Telephone-based social engineering attacks: An experiment testing the success and time decay of an intervention

Research output: Chapter in Book/Report/Conference proceedingConference contributionAcademicpeer-review

6 Citations (Scopus)
200 Downloads (Pure)

Abstract

The objective of this study is to get insight into the effectiveness of an information campaign to counter a social engineering attack via the telephone. Four different offenders phoned 48 employees and made them believe that their PC was distributing spam emails. Targets were told that this unfortunate situation could be solved by downloading and executing software from a website (i.e. an untrusted one). A total of 46.15 % of the employees not exposed to the intervention followed the instructions of the offender. This was significantly different to those exposed to an intervention 1 week prior to the attack (9.1%); however there was no effect for those exposed to an intervention 2 weeks prior to the attack (54.6%). This research suggests that scam awareness-raising campaigns reduce vulnerability only in the short term.
Original languageUndefined
Title of host publicationProceedings of the inaugural Singapore Cyber Security R&D Conference (SG-CRC 2016)
EditorsA. Mathur, A. Roychoudhury
Place of PublicationAmsterdam
PublisherIOS Press
Pages107-114
Number of pages6
ISBN (Print)978-1-61499-616-3
DOIs
Publication statusPublished - Jan 2016

Publication series

NameCryptology and Information Security Series
PublisherIOS Press
Volume14
ISSN (Print)1871-6431

Keywords

  • SCS-Cybersecurity
  • EC Grant Agreement nr.: FP7/2007-2013
  • EC Grant Agreement nr.: FP7/318003
  • Retention
  • Scam
  • Training
  • IR-98314
  • Social Engineering
  • Time
  • EWI-26500
  • Awareness
  • Decay
  • METIS-315056
  • Telephone

Cite this

Bullee, J-W., Montoya, L., Junger, M., & Hartel, P. H. (2016). Telephone-based social engineering attacks: An experiment testing the success and time decay of an intervention. In A. Mathur, & A. Roychoudhury (Eds.), Proceedings of the inaugural Singapore Cyber Security R&D Conference (SG-CRC 2016) (pp. 107-114). (Cryptology and Information Security Series; Vol. 14). Amsterdam: IOS Press. https://doi.org/10.3233/978-1-61499-617-0-107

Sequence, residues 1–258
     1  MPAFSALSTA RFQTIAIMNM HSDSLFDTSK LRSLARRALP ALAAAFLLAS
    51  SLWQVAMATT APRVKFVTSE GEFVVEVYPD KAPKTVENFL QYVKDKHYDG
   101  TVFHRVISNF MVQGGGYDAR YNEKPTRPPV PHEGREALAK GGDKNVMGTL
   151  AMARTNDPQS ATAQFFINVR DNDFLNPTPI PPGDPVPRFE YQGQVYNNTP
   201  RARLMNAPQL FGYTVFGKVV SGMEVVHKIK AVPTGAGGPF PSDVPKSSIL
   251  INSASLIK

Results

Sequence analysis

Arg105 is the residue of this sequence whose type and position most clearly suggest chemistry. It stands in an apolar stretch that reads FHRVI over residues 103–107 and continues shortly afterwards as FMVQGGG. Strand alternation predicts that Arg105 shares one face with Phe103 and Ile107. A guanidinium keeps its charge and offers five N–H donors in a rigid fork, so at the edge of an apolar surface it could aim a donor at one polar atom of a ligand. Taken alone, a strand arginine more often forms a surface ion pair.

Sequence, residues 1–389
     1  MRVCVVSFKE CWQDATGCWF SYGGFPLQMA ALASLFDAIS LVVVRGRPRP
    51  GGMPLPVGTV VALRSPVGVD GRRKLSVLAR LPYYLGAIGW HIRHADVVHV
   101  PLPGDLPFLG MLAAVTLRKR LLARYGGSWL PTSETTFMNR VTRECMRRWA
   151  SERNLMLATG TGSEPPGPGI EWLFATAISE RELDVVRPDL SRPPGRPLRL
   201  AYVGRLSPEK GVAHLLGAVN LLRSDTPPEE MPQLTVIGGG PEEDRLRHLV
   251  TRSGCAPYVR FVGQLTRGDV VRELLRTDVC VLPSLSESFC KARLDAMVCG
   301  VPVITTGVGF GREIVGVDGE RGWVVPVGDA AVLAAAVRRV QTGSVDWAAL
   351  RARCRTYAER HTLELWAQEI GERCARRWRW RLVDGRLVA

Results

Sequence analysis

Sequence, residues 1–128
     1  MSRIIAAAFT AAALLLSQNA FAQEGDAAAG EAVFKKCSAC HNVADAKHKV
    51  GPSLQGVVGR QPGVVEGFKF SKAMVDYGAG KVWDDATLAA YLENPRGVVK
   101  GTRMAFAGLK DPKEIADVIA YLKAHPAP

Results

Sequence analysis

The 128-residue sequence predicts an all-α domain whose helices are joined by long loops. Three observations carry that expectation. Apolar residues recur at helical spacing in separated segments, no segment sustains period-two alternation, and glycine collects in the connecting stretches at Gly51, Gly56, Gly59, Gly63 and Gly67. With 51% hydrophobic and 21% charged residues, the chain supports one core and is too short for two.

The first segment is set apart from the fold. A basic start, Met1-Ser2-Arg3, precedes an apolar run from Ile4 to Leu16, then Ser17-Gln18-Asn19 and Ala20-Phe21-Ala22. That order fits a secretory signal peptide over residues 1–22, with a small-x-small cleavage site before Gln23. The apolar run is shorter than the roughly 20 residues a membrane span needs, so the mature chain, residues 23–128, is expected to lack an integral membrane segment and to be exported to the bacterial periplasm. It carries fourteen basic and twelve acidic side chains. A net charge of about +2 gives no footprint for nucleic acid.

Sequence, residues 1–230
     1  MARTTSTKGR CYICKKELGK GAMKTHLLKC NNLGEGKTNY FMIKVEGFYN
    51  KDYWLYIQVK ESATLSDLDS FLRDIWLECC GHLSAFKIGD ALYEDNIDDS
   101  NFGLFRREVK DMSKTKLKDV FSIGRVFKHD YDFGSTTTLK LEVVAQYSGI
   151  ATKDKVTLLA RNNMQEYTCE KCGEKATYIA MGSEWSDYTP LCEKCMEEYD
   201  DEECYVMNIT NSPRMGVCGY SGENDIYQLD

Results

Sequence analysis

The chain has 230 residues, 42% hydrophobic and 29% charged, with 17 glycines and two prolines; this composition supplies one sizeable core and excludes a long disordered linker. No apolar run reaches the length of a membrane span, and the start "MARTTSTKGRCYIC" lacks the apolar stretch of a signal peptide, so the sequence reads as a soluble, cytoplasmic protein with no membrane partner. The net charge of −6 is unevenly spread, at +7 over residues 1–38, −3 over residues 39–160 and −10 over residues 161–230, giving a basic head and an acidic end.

Bullee, Jan-Willem ; Montoya, L. ; Junger, Marianne ; Hartel, Pieter H. / Telephone-based social engineering attacks: An experiment testing the success and time decay of an intervention. Proceedings of the inaugural Singapore Cyber Security R&D Conference (SG-CRC 2016). editor / A. Mathur ; A. Roychoudhury. Amsterdam : IOS Press, 2016. pp. 107-114 (Cryptology and Information Security Series).
@inproceedings{7195aa285db44bb8bf844a027155a1cf,
title = "Telephone-based social engineering attacks: An experiment testing the success and time decay of an intervention",
abstract = "The objective of this study is to get insight into the effectiveness of an information campaign to counter a social engineering attack via the telephone. Four different offenders phoned 48 employees and made them believe that their PC was distributing spam emails. Targets were told that this unfortunate situation could be solved by downloading and executing software from a website (i.e. an untrusted one). A total of 46.15 {\%} of the employees not exposed to the intervention followed the instructions of the offender. This was significantly different to those exposed to an intervention 1 week prior to the attack (9.1{\%}); however there was no effect for those exposed to an intervention 2 weeks prior to the attack (54.6{\%}). This research suggests that scam awareness-raising campaigns reduce vulnerability only in the short term.",
keywords = "SCS-Cybersecurity, EC Grant Agreement nr.: FP7/2007-2013, EC Grant Agreement nr.: FP7/318003, Retention, Scam, Training, IR-98314, Social Engineering, Time, EWI-26500, Awareness, Decay, METIS-315056, Telephone",
author = "Jan-Willem Bullee and L. Montoya and Marianne Junger and Hartel, {Pieter H.}",
note = "Foreground = 100{\%}; Type of activity = conference; Main leader =UT; Type of audience = scientific community, industry; Size of audience = 150; Countries addressed = international;",
year = "2016",
month = "1",
doi = "10.3233/978-1-61499-617-0-107",
language = "Undefined",
isbn = "978-1-61499-616-3",